Though most of us have pets that we love more than our children, you may be hesitant to allow pets into your precious rental properties. It’s understandable—but do the benefits outweigh the risks?
Pet owners are everywhere, especially here in the US. According to the American Pet Products Association’s National Pet Owners Survey, there are approximately 65.1 million households that own at least one dog, while 46.5 million households own cats.
As a landlord, allowing pets in rental units can be difficult. On the one hand, there are pet-owners out there who will only rent properties that allow pets—they consider their furry friends a family member. But on the other hand, pets can cause property damage and create noise disturbances for other tenants (especially if it’s within an apartment building or multi-family complex).
In this article, we give you a low-down on the risks and benefits of allowing pets and include info on protecting your property while avoiding liability.
The majority of renters own pets, and businesses outside of real estate are capitalizing on the trend by catering to pets and their owners. For example, brands like Starbucks are offering pet-friendly products and experiences, promoting a positive attitude among pet owners.
Like any business, landlords pet owners are a lucrative market to tap into.If you consider allowing pets into your property you run into an equal amount of benefits and issues:
Be vigilant with your pet and tenant screening, and you’ll reap the benefits and mitigate risks. Here’s how.
It’s crucial to be clear about what is and isn’t allowed when it comes to pets in your rental property. That’s why it’s a good idea to include pet requirements in your lease agreement, as well as a pet addendum.
The pet addendum should outline specific rules and regulations related to pets. It should include:
- The number of pets allowed
- The types of animals permitted on the property
The addendum should also include clauses that protect you as a landlord:
- Allowing you to remove aggressive or dangerous pets while allowing the tenant to remain
- Revising pet rules with 30 days’ notice, and outlining penalties for violating pet-related rules
When creating your pet addendum, consider the following:
- Common pets in your area
- Potential damage each pet could cause
You can then include specific requirements in your lease agreement and pet addendum to address these concerns. For example, you may want to limit the number of pets each tenant can bring and exclude larger dogs or exotic pets.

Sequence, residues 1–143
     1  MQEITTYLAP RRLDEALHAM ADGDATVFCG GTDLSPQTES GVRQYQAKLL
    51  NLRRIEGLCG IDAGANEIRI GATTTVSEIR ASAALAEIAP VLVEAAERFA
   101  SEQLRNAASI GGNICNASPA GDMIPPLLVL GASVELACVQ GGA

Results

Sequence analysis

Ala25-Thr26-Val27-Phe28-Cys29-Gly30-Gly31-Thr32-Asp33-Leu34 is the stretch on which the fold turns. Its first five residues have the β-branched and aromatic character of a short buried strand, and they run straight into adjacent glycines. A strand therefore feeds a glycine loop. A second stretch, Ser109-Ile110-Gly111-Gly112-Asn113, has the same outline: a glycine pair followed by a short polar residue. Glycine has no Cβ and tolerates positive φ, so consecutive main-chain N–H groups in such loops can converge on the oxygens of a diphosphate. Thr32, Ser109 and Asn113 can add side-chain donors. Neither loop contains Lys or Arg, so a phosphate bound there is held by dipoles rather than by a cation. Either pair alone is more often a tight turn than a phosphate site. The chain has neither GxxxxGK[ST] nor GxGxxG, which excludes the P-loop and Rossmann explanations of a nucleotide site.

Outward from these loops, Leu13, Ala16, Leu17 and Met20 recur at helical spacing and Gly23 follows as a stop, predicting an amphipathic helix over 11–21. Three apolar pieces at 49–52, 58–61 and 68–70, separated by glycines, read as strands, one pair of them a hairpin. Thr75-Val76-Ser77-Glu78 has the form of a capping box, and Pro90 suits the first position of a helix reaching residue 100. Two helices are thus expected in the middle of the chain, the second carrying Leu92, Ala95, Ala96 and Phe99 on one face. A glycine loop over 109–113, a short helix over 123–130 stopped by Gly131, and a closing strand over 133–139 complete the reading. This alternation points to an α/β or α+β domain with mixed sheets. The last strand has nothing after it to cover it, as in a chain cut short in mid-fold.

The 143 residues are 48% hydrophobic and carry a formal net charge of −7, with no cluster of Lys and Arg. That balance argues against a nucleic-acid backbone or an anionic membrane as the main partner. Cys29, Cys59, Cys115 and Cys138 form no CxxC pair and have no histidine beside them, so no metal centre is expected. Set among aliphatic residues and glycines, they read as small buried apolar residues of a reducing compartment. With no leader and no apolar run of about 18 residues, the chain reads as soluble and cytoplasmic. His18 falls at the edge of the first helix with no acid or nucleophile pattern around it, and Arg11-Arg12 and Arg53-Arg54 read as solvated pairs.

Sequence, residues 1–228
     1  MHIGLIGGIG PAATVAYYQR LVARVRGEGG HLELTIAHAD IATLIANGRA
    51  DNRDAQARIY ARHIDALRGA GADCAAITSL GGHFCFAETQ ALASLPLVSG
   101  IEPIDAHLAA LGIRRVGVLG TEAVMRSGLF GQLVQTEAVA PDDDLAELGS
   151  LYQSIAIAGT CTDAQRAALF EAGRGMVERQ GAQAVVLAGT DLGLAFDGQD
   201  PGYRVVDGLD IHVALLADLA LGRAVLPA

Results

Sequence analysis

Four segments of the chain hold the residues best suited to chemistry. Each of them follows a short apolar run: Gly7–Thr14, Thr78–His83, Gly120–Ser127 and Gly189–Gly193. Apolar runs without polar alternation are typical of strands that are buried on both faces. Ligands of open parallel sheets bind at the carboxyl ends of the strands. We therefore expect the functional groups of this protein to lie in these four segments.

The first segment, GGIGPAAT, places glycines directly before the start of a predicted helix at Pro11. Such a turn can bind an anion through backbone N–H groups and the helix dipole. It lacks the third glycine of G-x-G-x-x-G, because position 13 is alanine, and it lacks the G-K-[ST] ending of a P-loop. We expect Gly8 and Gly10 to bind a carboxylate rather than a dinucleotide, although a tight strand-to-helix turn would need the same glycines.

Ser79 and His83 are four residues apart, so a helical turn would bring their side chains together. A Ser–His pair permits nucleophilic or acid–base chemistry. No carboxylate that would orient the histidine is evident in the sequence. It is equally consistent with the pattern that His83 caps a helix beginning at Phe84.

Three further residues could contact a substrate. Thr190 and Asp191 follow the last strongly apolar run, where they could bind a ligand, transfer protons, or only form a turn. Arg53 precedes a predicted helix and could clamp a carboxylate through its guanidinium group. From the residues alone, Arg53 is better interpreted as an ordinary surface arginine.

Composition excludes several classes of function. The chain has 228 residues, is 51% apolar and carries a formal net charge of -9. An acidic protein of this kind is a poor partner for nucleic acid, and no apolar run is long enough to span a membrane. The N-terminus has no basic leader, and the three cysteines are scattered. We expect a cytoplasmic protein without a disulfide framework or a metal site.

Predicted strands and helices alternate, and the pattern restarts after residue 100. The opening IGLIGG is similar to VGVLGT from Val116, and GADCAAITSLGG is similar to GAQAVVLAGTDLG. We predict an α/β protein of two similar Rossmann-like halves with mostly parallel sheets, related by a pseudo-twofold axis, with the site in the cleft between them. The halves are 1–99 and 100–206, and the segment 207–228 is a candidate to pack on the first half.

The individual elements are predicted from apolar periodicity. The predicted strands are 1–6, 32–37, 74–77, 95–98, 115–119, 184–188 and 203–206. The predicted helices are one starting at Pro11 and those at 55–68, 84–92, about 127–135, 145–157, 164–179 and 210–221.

To protect yourself as a landlord, include key clauses in the lease explaining the agreement for responding to problems concerning pets. These clauses should clearly outline the procedures for dealing with pet-related issues and any potential consequences for tenants who violate the rules.
By including a pet addendum in your lease agreement, you can ensure that both you and your tenants are on the same page regarding the expectations and guidelines surrounding pets in your rental property.
Before allowing tenants with pets, check your insurance policy for any limitations, exclusions, or coverage requirements. These regulations will vary from one state to another.
For instance, Michigan landlords must also comply with state pet laws, such as requiring pet vaccinations and enforcing proper pet waste disposal. Landlords should also ensure responsible adult supervision of pets in common areas. Visit the Michigan government website for a complete list of pet laws.
Be mindful that a Fair Housing Law protects disabled people who need animals for their emotional well-being and physical safety. The term “disabled” now includes the blind, paralyzed, those with clinical depression, and those with post-traumatic stress.
You can request a note from their physician to verify their condition and animal assistance requirements to keep things documented.
Landlords can charge pet-owning renters a premium in three ways due to the additional risks involved in allowing pets into the property. Here are the three:
- The first is a pet deposit, which is refundable and ranges from $100-$300, collected at the beginning of the lease to protect the property from damages related to owning a pet.
- The second is a nonrefundable pet fee, collected at the start of the lease, usually 25% of the first month’s rent, acting as compensation for the property damage risks resulting from allowing pets.
- The third is a “Pet Rent,” a monthly fee for keeping a pet on top of the rental price that ranges from $25-$50/month.
Conduct thorough screenings that include feedback from references and past landlords. During interviews, landlords should ask about the pet’s vaccinations, licensing, and past behavior.
Clear expectations for pet owners should be outlined in the lease agreement, including requirements for keeping shots, licenses, and tags up to date, registering the pet with the landlord, and taking responsibility for any harm caused by the pet.
Also observe physical and behavioral characteristics of the pet, such as aggression or friendliness, interaction with the owner, and whether the pet is spayed or neutered. By taking these factors into consideration, you can make informed decisions about whether to allow pets in their rental units.
With nearly 90 million households owning a pet, it’s safe to say American love their fuzzy friends. So, ignoring that fact might lead to lost profits if you’re a property owner. As long as you follow our tips above and be careful with your contracts, allowing pets into your properties only has upsides.
Learn more about your rights as a landlord over tenants’ pets, reach out to us today to connect with our team of experts. Join REIA and subscribe to our newsletter to get the latest news in real estate.